The Key to Deceit (Electra McDonnell #2) by Ashley Weaver: 3***

This is the second installment of the Ellie McDonnell espionage series set in England during World War Two. I was very excited to receive this book and moved it to the top of my reading list. Unfortunately my excitement did not last that long for this book. It is rather simple and lacks some of the qualities that I so enjoyed in the first book. There’s a lot of championing of England and patriotism, which is all well and good, but sometimes it gets to be a bit much.

Now, this has an interesting plot in that out of the blue Ellie is approached by Major Ramsey to help him remove a bracelet from the wrist of a young lady who was found dead in the Thames River. It was a rather simple bracelet to remove, and yet attached to the bracelet  is a locket which also needs to be opened. Again this is not a hard task and it makes you wonder why major Ramsey really needed Ellie to be with him to open this. Nonetheless it turns out that within the locket was a small camera which contained film that had photos of sensitive areas in and around London. It becomes obvious that the dead woman was a spy. Now we have to find out who was the woman, who is in the spy network and to do this we bring in her uncle Mick, as well as her friend and possible love interest Felix Lacey.

A lot of this book is easy to figure out, and I just found the writing not up to the quality of the first book of the series, and the plot was rather obvious. Now, there have been many books written about World War Two, and many of the espionage novels have already covered much of the same ground. This series is different because Ellie and her family were professional thieves, which was a very unique twist that was introduced into this series. But by the 2nd book everyone becomes legitimate and some of the fun is gone. Ellie is torn between her growing relationship with Felix, and yet everybody seems to want Ellie to end up with Major Ramsey. We also get more information as to Ellie’s mother who had been convicted of killing her father and a lot of the back story into that situation. To be honest I don’t need that. Major Ramsey makes a very good observation about that very subject and I think he hits the nail on the head.

But we have spies, spy rings, the beginning of the bombing of London, breaking into a bank vault and a lot of other action which helps move the story along. Unfortunately for me it just didn’t do enough, I had a feeling that the author was rushing this book to press after the success of her first book. It’s a good read, but it’s not a great read and that to me was a disappointment. I still think the series has a lot of potential but the author must whittle down her cast of characters to make things a little more believable. While not a major fan of this book I do look forward to her next installment in this series.

This is the second installment of the Ellie McDonnell espionage series set in England during World War Two. I was very excited to receive this book and moved it to the top of my reading list. Unfortunately my excitement did not last that long for this book. It is rather simple and lacks some of the qualities that I so enjoyed in the first book. There’s a lot of championing of England and patriotism, which is all well and good, but sometimes it gets to be a bit much.

Now, this has an interesting plot in that out of the blue Ellie is approached by Major Ramsey to help him remove a bracelet from the wrist of a young lady who was found dead in the Thames River. It was a rather simple bracelet to remove, and yet attached to the bracelet  is a locket which also needs to be opened. Again this is not a hard task and it makes you wonder why major Ramsey really needed Ellie to be with him to open this. Nonetheless it turns out that within the locket was a small camera which contained film that had photos of sensitive areas in and around London. It becomes obvious that the dead woman was a spy. Now we have to find out who was the woman, who is in the spy network and to do this we bring in her uncle Mick, as well as her friend and possible love interest Felix Lacey.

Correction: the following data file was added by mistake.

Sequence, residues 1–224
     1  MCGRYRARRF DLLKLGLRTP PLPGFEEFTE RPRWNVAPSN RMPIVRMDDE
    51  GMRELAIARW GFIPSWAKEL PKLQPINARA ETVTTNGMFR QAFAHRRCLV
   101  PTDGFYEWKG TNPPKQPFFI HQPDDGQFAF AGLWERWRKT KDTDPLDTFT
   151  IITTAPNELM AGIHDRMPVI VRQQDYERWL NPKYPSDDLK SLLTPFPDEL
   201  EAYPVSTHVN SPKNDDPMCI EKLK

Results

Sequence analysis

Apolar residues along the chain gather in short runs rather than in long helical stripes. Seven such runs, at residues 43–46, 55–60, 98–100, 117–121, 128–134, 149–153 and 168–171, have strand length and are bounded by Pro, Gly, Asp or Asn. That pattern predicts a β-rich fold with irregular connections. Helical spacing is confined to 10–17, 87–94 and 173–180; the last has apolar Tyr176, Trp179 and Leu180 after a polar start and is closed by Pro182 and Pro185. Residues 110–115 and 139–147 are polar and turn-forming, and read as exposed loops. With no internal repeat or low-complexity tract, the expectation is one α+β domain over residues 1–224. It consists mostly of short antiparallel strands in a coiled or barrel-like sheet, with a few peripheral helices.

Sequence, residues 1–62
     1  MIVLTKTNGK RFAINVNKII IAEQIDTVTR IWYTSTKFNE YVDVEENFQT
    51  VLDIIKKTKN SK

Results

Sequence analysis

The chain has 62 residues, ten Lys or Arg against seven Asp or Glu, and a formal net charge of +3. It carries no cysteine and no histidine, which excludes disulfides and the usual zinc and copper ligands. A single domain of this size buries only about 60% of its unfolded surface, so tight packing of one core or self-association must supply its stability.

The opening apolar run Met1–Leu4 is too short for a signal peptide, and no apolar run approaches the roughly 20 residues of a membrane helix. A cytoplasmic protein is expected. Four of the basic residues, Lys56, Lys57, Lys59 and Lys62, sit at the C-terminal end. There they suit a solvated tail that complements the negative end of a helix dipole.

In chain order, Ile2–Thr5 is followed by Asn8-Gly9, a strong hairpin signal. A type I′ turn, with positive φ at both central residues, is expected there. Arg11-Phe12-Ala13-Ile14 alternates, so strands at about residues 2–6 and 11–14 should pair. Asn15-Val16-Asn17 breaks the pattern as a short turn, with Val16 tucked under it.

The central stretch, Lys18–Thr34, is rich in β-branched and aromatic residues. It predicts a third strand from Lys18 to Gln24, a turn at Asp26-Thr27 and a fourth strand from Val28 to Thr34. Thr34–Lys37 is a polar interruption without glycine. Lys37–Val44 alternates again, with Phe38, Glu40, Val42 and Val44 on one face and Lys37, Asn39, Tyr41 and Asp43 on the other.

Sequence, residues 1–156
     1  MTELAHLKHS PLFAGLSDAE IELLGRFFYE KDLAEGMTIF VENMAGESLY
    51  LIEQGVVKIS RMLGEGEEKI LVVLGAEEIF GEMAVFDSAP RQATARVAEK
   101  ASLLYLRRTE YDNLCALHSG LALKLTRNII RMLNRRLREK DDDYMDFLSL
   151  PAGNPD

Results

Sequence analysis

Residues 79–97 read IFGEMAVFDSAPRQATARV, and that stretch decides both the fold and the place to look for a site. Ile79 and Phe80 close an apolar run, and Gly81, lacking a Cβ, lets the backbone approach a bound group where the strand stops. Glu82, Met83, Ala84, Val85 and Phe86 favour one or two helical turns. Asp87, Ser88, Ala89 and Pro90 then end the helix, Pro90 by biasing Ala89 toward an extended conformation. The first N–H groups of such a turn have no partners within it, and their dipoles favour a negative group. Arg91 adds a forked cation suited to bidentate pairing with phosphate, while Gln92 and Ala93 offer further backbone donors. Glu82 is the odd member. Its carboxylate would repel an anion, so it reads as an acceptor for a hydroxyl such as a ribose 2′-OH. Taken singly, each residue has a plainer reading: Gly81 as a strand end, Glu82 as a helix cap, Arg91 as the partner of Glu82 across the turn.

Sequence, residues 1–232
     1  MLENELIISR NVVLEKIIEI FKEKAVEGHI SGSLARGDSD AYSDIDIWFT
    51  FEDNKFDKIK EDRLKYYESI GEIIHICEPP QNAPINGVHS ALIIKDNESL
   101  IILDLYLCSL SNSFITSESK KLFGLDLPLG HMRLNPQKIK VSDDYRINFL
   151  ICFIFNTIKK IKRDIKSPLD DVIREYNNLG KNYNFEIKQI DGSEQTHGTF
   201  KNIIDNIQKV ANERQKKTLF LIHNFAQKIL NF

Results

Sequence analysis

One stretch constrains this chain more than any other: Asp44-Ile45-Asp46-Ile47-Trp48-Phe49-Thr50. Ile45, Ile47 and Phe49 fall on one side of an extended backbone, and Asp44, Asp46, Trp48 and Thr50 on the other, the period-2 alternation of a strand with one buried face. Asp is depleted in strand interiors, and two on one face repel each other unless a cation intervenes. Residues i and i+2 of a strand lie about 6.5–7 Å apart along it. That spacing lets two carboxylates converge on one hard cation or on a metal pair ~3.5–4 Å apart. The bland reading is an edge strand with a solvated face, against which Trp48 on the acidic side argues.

A lot of this book is easy to figure out, and I just found the writing not up to the quality of the first book of the series, and the plot was rather obvious. Now, there have been many books written about World War Two, and many of the espionage novels have already covered much of the same ground. This series is different because Ellie and her family were professional thieves, which was a very unique twist that was introduced into this series. But by the 2nd book everyone becomes legitimate and some of the fun is gone. Ellie is torn between her growing relationship with Felix, and yet everybody seems to want Ellie to end up with Major Ramsey. We also get more information as to Ellie’s mother who had been convicted of killing her father and a lot of the back story into that situation. To be honest I don’t need that. Major Ramsey makes a very good observation about that very subject and I think he hits the nail on the head.

But we have spies, spy rings, the beginning of the bombing of London, breaking into a bank vault and a lot of other action which helps move the story along. Unfortunately for me it just didn’t do enough, I had a feeling that the author was rushing this book to press after the success of her first book. It’s a good read, but it’s not a great read and that to me was a disappointment. I still think the series has a lot of potential but the author must whittle down her cast of characters to make things a little more believable. While not a major fan of this book I do look forward to her next installment in this series.

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